Saturday, 19 March 2011

Annual Clock Flash App

Some projects are just plain fun. You get an idea, you get inspiration on how it should look, you research the maths that goes behind it and crack on until it is done. The Annual Clock is one such project for me. I actually finished it as a Flash application almost a year ago, but only just got round to converting it into a screensaver.

The Idea

Visually it was inspired by astronomical clocks of yester-year (such as the one below).

My aim however was not to portray the movement of heavenly bodies as much as it was to portray the passage of time in a more unique way than the standard hour, minute and second hands. Something about a clock that showed all layers of 'time' passing at once seemed an exciting and relatively unique prospect. My approach took a series of discs, each portraying a different element of time measurement, radiating out from the centre, with each disc moving progressively more slowly working from the instant, through seconds, minutes, hours, daylight, days, moon phases, months and seasons. I stopped there since the next levels (e.g. years, centuries, milleniums etc) would give the clock a lifespan, something I wanted to avoid. Rather than using hands I had the discs rotate instead, with the centre point representing the person - the instance of time in which we exist now.

But enough of concept.

The Maths

The code for the passage of time is pretty straightforward. You take the current computer system time and date, and use it to rotate the discs as a proportion of 360 degrees. Not too difficult. The tricky part was dealing with items that don't stick rigidly to our calendar such as Easter, the moon phases, and the solstices and equinoxes.

For the Easter calculation I did an ActionScript implementation of a formula on the BBC H2G2 website.

For the solstices and equinoxes I did an ActionScript implementation based on the astronomical algorithms of Jean Meeus (Astronomical Algorithms, 1st Ed., 1991) which someone had posted online somewhere (can't remember where now). Meeus's formulas calculate the date of the current year's solstices and equinoxes, but gives the result as a date using the Julian calendar. (In fact Meeus's formulas calculate the time of the events to within 4 minutes of actual with any error down to orbital perturbation - how cool is that?)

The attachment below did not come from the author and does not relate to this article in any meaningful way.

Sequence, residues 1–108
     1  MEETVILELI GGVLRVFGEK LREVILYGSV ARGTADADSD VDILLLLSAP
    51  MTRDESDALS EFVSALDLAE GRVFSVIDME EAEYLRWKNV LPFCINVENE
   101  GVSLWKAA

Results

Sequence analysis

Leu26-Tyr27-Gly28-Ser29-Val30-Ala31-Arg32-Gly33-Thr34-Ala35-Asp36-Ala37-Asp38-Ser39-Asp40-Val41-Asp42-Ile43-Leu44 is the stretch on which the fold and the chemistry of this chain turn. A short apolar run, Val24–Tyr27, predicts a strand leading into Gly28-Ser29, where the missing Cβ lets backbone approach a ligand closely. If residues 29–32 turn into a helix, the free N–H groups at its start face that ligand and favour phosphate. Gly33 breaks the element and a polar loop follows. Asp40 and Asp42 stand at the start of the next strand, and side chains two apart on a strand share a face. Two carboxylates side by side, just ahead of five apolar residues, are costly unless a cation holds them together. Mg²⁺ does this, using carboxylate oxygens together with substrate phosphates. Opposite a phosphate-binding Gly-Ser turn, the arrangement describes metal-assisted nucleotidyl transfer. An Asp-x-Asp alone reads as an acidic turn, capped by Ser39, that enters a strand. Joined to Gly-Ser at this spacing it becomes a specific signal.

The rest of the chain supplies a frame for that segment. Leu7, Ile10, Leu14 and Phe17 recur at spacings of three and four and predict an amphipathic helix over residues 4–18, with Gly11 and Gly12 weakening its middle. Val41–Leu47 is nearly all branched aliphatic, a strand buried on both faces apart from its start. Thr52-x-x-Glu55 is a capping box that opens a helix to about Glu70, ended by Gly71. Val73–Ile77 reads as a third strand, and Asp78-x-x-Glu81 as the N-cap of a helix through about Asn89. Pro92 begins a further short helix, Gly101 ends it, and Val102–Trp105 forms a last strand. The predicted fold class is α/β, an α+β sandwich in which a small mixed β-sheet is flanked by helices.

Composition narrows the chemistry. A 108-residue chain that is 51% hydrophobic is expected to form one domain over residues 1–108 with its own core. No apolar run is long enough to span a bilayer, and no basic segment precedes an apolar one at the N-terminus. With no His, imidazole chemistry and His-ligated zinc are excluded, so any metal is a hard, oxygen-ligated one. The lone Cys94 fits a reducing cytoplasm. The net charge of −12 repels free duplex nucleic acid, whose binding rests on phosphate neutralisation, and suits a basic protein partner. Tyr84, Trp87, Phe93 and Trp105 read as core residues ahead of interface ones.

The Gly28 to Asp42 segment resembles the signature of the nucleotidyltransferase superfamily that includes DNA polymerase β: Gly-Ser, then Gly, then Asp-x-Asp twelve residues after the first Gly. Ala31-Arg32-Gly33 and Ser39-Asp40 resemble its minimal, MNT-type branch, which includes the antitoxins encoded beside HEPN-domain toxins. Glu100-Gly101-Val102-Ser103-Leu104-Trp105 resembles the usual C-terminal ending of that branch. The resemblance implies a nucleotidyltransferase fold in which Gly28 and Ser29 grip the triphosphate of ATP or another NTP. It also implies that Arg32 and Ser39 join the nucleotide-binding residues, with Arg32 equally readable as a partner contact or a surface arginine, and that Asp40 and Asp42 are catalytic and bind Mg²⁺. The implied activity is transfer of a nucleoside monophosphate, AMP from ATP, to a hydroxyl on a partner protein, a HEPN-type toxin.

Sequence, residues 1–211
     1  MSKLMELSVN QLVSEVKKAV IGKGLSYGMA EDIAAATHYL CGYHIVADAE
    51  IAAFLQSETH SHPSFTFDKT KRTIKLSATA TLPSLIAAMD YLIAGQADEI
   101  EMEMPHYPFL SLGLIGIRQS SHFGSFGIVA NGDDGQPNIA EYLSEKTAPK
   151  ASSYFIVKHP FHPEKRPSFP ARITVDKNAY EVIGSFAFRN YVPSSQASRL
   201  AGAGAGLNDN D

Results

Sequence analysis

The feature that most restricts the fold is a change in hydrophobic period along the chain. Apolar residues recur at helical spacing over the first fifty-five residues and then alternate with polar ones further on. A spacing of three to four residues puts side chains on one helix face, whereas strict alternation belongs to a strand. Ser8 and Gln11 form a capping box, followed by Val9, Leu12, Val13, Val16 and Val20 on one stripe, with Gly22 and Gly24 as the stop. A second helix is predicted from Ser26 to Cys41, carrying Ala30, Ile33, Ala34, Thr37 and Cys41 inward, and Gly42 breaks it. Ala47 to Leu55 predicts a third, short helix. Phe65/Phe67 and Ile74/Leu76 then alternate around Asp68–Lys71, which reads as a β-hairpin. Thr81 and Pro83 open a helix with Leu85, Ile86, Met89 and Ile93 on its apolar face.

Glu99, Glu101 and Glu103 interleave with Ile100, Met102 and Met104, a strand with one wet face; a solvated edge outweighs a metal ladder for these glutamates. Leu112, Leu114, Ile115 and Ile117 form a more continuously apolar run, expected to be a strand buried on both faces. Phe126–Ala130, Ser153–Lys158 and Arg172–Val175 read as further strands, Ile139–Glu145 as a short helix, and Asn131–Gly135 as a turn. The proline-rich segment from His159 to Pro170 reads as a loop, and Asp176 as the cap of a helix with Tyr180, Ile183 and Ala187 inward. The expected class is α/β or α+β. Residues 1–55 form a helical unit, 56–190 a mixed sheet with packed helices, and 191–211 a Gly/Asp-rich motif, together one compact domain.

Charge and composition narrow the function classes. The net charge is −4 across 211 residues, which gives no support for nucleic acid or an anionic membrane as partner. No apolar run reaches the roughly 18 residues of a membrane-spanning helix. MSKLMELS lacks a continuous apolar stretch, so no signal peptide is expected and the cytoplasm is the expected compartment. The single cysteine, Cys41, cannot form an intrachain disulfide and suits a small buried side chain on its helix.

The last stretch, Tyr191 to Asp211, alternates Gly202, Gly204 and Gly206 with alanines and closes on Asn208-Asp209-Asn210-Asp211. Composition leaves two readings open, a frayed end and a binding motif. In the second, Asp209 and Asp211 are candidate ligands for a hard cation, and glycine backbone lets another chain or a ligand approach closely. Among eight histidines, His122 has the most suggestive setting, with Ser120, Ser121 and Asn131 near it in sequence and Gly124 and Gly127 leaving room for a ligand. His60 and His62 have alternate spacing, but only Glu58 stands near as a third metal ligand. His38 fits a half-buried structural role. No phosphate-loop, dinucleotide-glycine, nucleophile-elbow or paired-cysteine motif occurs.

However a Julian date was not suitable for my needs, and meant some highly complex conversion from the Julian to the Gregorian calendar based on a formula published online by Utrecht University.

I confess I didn't understand most of the formulas (but then I am not an astrophysicist or mathematician - and I gave all sources their dues in my ActionScript comments). But that's the great thing about ActionScript's mathematical functions - if someone has written it out, it is fairly logical how you need to set up the same thing in ActionScript.

The moon phases are based on the mean moon phase duration as reported by NASA from the year 2000 (so it won't be perfect forever, but pretty good for this purpose).

So, my particular thanks go to Meeus, Utrecht University and NASA for helping me with the bit I could never work out on my own without some serious long term astronomical observations of my own. The practical upshot is a Flash based clock application that not only shows the passage of time from seconds to seasons, but also one that can predict Easter, the equinoxes and solstices, and understands that moon phases are not precisely 28 days long. Thanks folks.

Free Download
Feel free to visit the application page and download the v0.9 release as a screensaver.

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